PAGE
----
Before the call with Gaelic Life, McNulty’s working day took him into a conversation with a world leader in sport, an icon.

The chat circles around the need for “strong” leaders and the winning culture in such of environments.

The same principles fit the Armagh team he played on. McNulty relates it to the progress of Derry under Rory Gallagher. The same can be said for the Galway and Armagh teams crossing paths on Sunday.

“In all those environments, you need to have a good game-plan and Derry have a good game-plan; Armagh and Galway have a very good game-plan,” he said, adding the importance of the coaches to the overall progress.

A solid “business support structure” is another must in McNulty’s eyes to ensure resources are available to fund a high performance environment.

In a feature interview with The Irish News, Hugh Morgan made the comment that his company would back Armagh with the view of winning Sam Maguire. In the day to day management of the team, Joe Kernan was on the phone to liaison man Eamon Mackle to ensure every stone was heaved over the body.

Club Derry have been active in recent weeks to add support to the county’s on-field activities, with Stephen Barker appointed as Derry GAA’s Head of Operations earlier this year.

“You need to have an amazing mentality, especially your leaders and you cascade that across the organisation,” McNulty states, referring to his day-to-day findings.

His time helping the Leinster and Ireland rugby teams to silverware lifted the lid on how leaders lay their foundations.

“The coach’s mentality, whether it’s Joe Schmidt or Michael Cheika or Leo Cullen, their mentality or ethos cascaded right down to the janitors and to the very massage therapists who spend so much time with the players in recovery mode.”

There is no place for ego or self-promotion. Like any inter-county setting or the professional sporting environment, a place in the backroom team is about blending in and getting the shoulder to the wheel.

While a degree in psychology was the passport to a career in performance coaching, it was his background as a player that has served McNulty best.

“I learned from some of the best players and played against some of the best players,” dishing out names like Peter Canavan, Pádraic Joyce and Enda Muldoon.

“I was a man of 5’10” marking a guy of 6’4” (Muldoon) in an Ulster Championship match, he didn’t score from play for frees, so I did okay against the big man,” he laughs, while also recognising his fingerprints on Derry’s recent Ulster success.

Of the “amazing coaches” he points to, one name comes straight off Enda’s tongue – Dessie Ryan, with half a dozen of Armagh’s 2002 winning team having played under his tutelage on Queens’ Sigerson teams.

“I learned so much about leadership and a high-performance winning culture from that man,” he said.

When asked by clients all around the world about the source of his knowledge, Ryan is the example he always offers.

TOTAL RESPECT…Enda is indebted to the influence of Dessie Ryan

A quick internet search picks out an interview where McNulty tells an enthralling story of how Ryan, a fireman in New York, risked life and limb to crawl through thick black smoke to rescue a toddler.

“I don’t tell them about what I learned in Harvard Business School or the elite guys in professional sport around the world…I learned it from Dessie Ryan,” McNulty adds, in full flow with an enthusiasm that tells more than words.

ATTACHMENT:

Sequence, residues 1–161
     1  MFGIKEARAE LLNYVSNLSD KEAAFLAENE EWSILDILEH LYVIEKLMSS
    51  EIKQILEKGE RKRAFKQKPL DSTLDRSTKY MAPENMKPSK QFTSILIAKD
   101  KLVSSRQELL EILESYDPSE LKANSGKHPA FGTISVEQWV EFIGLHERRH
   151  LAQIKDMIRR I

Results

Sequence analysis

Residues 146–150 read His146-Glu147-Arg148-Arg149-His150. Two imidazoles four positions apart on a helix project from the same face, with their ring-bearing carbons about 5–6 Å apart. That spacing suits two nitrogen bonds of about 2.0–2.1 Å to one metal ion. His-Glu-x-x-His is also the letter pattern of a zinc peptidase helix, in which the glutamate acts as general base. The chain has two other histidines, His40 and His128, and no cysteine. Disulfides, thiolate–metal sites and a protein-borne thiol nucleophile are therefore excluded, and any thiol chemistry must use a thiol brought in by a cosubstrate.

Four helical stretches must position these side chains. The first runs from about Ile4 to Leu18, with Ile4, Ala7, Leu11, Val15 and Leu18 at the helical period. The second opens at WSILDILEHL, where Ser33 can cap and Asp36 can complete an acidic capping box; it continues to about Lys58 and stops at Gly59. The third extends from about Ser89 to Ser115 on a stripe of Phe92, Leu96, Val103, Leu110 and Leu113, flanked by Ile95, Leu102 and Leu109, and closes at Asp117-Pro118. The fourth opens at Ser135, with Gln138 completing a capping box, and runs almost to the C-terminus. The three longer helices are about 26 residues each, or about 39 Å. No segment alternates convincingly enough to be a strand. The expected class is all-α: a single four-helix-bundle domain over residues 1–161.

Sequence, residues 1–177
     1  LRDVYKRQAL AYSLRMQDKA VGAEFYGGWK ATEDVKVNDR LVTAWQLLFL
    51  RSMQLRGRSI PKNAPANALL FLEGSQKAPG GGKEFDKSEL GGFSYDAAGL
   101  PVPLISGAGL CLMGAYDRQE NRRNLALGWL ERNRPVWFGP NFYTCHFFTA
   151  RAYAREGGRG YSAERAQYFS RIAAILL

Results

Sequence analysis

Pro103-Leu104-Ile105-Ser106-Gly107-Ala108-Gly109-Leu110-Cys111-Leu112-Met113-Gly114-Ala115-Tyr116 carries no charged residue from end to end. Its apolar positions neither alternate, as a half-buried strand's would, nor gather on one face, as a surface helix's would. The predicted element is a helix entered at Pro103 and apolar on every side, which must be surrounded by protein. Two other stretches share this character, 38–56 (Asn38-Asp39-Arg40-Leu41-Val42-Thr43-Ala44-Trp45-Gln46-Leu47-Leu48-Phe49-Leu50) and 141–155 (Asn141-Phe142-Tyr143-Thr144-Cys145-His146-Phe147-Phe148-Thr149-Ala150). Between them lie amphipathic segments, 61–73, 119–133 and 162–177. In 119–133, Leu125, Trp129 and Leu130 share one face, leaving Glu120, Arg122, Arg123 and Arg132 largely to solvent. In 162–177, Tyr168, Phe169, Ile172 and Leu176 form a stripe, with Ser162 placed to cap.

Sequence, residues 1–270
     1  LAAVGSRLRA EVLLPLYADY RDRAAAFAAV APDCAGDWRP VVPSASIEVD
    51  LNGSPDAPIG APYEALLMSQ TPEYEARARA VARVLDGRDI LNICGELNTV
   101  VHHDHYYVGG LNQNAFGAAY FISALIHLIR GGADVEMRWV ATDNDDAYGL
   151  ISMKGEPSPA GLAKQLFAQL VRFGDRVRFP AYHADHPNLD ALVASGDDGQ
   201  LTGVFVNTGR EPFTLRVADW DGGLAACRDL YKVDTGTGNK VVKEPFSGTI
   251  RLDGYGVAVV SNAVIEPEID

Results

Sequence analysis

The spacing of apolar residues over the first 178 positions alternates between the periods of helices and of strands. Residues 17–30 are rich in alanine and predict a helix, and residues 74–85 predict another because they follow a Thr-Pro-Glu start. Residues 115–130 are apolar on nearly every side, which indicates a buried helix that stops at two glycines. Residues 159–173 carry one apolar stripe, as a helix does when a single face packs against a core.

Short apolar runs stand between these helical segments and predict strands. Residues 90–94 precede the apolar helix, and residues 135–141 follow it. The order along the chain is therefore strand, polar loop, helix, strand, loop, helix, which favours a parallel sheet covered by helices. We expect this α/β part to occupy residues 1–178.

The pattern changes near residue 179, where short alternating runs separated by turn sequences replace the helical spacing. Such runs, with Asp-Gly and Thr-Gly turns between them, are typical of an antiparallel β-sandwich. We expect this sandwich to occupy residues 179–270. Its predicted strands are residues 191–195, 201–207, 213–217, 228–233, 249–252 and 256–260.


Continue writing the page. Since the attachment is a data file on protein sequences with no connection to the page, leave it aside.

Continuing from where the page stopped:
“He is an amazing communicator and unbelievably good at connecting with people. His authenticity just shines through. In terms of knowing how to win, his winning IQ is amazing.

“Myself and my brother Justin are blessed to have had such a strong relationship with Dessie, right up to the present day. I was out walking with him in the Moy over Christmas; I just couldn’t have any more respect for the man.”


As the Armagh pieces began to assemble, Brian McAlinden and Brian Canavan led them to a first of seven Ulster titles since that 1999 breakthrough season.

“Brian McAlinden and Canavan deserve a huge amount of credit,” McNulty said of the duo that preceded Joe Kernan’s arrival.

“I think sometimes history forgets some of the key people that were essential to building a winning team. Brian McAlinden worked for Armagh from the mid-nineties right through to 2001, so he helped transform the culture.

“He helped get us to believe we could beat anybody in the country including winning our first Ulster in 1999. He made sure that we were getting unbelievably fit and unbelievably mentally strong.”

McNulty speaks of how “devastated” McAlinden was after their one-point defeat in 2001 at the hands of Galway who won the All-Ireland in the first year of the Qualifiers after losing to Roscommon in Connacht.

It was a day when the Garda escort failed to materialise to lead the Armagh bus through the traffic from their warm-up base at Na Fianna’s grounds in Glasnevin across to Croke Park.

Armagh wrestled a 0-12 to 0-5 deficit back to level matters before substitute Paul Clancy lofted over the Galway winner after Michael Donnellan threw himself to make a block earlier in the attack. The fine margins of sport.

“It took us 10 or 15 minutes to really waken up,” McNulty recalls of the game, vividly remembering a conversation with Kieran McGeeney in the eye of the first-half maroon storm.

“One of the guys was down injured, we said to each other to ‘calm the jets’ and ‘weather the storm.’ We did and got back into the game, but they obviously beat us by a point.”

Seeing the finish line, combined with League wins over top dogs like Kerry and Tyrone in that era, told Armagh they were on the cusp of glory.

The mission was to bring consistent performances against the big guns in the heat of battle, with Joe Kernan coming in as manager another factor.

“We started to understand how to win,” McNulty points out. “We probably started to really understand the little subtleties of that, the little requirements from a leadership point of view.

“A mental toughness, an understanding of what it actually meant in practice with 60 seconds to go in an All-Ireland final.”

It went right across the squad from the “dead cool” Andrew McCann under pressure to a word of wisdom from someone like “unbelievably good” panellist Cathal O’Rourke to settle the nerves in a quiet dressing room corner. Gerard Reid was another mentor with those nuggets of advice.

“There were a lot of amazing squad members and brilliant players,” he adds. “Obviously Joe (Kernan) deserves a huge amount of credit and McGeeney was iconic for obvious reasons.”

This Sunday, it’s Galway again and Armagh fans are beginning to dream of the direction their team can take.

McNulty won’t be in the fast lane this time. It’s time for a new Orchard blossom.